Tradesmen can fulfill their role of intermediaries in the movement of commodities. Bosses of small shops do not suffer the communist outbursts of their workers. Nobody calls into question the role of money, representing the dictatorship of value. There is not even the slightest attempt to disguise it under other names or forms or to juggle with the currency at its legal price (either while substituting it with bonds or other currencies) to hide it. “Businessmen” are not always bothered as long as they maintain certain forms of “revolutionary” civility, charity for refugees included. Cooperatives presented as collectivization, e.g. agricultural, do not differ at all from any capitalist cooperatives. Mere commodity production companies where proletarians are subjected to wage labor. Peace, order and freedom prevail in the markets, workplaces and streets, along with the development of imperialist war. Freedom of private property, trade and business reign supreme on relations. Proletarians devote their lives to the hell of work or imperialist war. None of the apologists of the “revolution” in Rojava dares to talk even once about social classes, capital, exploitation, money… Or perhaps about absentee upper bourgeoisie and other subterfuges to refer to State or private monopolies. Let us note also that oil and gas wells are controlled by the Kurdish Supreme Committee that considers them as a strategic industry, to be traded on the international black market. As in any bourgeois State strategic sectors are nationalized for the need of capitalist restructuring.

As for the liberation of women we can only denounce the exploitation of their image as an advertising icon of the “revolution” in Rojava. Proletarian women have always played an important role in the struggle of the proletariat of Kurdish origin, both in Syria and Turkey. The proletarian community of struggle in that region has have a tendency to fight in its bosom any patriarchal heritage suppurating from capitalism, while assuming the struggle as men and women who are part of the same class and the same being. The proletarian community of struggle, made up of proletarians of both sexes, tends to affirm deep down inside the unity of its being. But this has nothing to do with what feminism sells to us as well as with the claim of the “role of women” in Rojava, her egalitarian participation, her inclusion… It makes you wonder how this participation of women is better, how she gains more equality. As it is for the rest of the proletariat it is about her to take part in capitalist management, her to submit to the imperialist war, her to participate in State structures… Women battalions like YPJ, which are presented to the world as an example of “liberated women who take their fate in hands”, embody the submission of proletarian women to the imperialist war. The nature of an armed force is given by the social project that is defended and the YPJ as the YPG are subjected to the bourgeois program of the PYD, they are under the command of and perform the functions conferred to them by the Kurdish Supreme Committee, the upper organ of the State in Rojava. Like any army of any State, but with feminist scenery and particularly organized for proletarian women, to boost their specific involvement, this is what the YPJ represent. With the YPG they materialize the integration process of the armed proletariat to the logic of military fronts of the inter-bourgeois war, the logic of bourgeois armies and their command, to the needs of capital.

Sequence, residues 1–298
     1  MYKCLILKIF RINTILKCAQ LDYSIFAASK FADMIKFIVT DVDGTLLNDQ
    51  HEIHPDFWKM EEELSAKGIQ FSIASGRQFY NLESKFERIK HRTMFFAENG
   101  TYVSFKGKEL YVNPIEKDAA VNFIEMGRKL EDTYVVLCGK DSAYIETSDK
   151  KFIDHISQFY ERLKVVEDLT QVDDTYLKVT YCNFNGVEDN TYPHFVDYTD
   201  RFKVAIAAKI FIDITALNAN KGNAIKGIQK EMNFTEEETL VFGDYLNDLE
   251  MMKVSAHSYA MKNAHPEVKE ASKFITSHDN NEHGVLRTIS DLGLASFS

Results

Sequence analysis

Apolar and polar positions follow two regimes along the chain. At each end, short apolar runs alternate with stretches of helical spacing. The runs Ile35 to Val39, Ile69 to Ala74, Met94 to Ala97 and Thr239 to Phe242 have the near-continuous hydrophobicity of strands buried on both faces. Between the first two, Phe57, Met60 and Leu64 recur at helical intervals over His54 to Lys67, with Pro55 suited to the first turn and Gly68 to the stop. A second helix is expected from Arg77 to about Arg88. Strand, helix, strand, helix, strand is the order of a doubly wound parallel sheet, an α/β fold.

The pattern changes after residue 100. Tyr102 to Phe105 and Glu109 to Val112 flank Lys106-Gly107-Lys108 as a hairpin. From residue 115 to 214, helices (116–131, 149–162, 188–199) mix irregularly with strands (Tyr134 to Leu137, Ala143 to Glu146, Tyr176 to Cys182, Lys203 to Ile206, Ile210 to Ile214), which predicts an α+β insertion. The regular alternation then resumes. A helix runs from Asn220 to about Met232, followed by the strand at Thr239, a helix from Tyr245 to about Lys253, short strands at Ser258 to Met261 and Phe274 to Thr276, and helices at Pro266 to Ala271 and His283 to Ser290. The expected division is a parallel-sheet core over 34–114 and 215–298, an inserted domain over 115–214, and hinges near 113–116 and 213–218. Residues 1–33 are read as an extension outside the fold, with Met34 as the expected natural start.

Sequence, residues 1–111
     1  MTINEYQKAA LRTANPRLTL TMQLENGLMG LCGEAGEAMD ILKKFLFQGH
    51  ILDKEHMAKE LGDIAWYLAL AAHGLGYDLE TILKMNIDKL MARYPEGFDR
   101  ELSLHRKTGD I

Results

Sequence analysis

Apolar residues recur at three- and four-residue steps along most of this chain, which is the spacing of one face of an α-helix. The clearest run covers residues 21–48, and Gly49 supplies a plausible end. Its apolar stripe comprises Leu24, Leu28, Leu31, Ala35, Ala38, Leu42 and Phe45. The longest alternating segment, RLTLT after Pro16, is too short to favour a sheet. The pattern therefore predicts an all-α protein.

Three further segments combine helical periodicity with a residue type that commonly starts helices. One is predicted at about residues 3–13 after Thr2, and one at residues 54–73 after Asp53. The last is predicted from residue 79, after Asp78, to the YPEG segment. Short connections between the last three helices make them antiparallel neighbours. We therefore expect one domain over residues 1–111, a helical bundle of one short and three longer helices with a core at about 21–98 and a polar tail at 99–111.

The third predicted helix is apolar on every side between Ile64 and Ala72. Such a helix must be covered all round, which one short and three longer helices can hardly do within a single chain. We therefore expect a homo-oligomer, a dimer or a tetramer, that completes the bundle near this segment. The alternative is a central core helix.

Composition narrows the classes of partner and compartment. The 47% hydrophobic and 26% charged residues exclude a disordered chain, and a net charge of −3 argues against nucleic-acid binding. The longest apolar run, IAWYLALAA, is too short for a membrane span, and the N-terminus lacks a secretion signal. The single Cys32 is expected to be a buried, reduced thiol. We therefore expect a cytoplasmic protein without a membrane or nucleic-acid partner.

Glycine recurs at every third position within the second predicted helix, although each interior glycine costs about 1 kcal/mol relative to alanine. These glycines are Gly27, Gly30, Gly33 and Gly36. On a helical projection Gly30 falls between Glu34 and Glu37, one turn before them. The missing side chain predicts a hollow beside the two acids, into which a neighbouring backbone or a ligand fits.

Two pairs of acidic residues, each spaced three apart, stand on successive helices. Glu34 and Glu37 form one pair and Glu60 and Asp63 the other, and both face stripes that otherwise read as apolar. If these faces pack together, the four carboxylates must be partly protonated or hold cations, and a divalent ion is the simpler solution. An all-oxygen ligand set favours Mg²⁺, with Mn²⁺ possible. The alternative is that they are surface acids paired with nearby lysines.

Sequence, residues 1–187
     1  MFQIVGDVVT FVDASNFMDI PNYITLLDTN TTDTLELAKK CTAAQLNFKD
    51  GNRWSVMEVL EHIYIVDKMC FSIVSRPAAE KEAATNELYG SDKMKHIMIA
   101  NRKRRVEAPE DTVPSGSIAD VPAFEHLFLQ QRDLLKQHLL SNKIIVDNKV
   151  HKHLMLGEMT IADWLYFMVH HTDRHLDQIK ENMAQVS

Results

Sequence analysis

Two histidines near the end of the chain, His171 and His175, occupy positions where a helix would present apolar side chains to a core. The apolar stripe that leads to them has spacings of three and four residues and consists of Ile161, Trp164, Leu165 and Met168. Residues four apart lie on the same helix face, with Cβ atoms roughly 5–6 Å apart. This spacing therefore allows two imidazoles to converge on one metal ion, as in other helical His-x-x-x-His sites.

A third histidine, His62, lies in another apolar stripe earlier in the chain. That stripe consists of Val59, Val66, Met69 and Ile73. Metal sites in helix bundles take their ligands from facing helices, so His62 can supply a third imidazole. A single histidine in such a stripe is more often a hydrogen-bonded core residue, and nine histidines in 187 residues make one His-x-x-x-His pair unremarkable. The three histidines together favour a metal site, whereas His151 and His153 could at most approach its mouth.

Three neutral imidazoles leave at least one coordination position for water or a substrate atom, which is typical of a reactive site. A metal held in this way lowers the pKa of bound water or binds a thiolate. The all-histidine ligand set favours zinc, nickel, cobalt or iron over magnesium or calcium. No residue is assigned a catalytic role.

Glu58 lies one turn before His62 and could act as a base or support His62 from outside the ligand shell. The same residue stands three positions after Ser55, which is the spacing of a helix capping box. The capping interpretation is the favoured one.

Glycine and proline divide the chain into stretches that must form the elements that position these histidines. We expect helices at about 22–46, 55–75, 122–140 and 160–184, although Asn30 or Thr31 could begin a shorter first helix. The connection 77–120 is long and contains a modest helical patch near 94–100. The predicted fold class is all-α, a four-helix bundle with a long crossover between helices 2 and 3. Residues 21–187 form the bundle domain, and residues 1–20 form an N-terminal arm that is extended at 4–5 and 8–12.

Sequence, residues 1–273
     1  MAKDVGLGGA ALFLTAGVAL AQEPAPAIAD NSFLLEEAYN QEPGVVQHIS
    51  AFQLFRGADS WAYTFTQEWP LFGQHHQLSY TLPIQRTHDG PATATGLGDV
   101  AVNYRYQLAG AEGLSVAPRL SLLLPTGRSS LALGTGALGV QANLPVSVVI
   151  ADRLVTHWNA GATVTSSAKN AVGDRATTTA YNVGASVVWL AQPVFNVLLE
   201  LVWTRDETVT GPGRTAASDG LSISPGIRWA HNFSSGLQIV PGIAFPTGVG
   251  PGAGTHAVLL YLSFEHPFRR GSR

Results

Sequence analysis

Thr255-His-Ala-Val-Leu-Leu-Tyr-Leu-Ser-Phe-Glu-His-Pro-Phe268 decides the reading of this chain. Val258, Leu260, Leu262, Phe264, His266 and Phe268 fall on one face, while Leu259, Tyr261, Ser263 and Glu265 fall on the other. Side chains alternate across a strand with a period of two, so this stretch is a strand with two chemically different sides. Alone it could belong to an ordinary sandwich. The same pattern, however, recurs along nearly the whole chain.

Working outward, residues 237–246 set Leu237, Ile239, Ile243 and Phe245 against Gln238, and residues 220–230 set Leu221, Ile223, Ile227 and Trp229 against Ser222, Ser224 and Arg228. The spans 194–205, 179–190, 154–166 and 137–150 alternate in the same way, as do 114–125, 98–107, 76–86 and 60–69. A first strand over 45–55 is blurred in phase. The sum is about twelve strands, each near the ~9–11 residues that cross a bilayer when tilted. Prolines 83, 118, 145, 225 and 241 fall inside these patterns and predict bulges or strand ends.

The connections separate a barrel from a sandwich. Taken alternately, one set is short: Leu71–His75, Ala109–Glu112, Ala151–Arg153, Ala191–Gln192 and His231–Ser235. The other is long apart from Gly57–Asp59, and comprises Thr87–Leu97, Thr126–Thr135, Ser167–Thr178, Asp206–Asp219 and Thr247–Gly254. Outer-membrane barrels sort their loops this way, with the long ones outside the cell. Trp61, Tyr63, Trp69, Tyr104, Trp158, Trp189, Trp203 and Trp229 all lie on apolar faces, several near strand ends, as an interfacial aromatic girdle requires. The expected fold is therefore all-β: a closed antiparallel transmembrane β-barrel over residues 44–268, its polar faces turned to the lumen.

Of course for us proletarians of both sexes there is nothing interesting in all these achievements claimed by feminism. What interests us is to break down the structure of capitalist domination and with it all the patriarchal oppression reproduced by the latter. But capital won’t be the one that will provide us with the means of this emancipation. While feminism has undertaken to claim the role of women in global capitalism and to subsume these ones to the capitalist dynamics (whether as a female wage slave or as a female exploiter) –and its results are spectacular-, in the proletarian struggle however women and men assume the struggle against patriarchy as a part of the totality of the struggle against capital.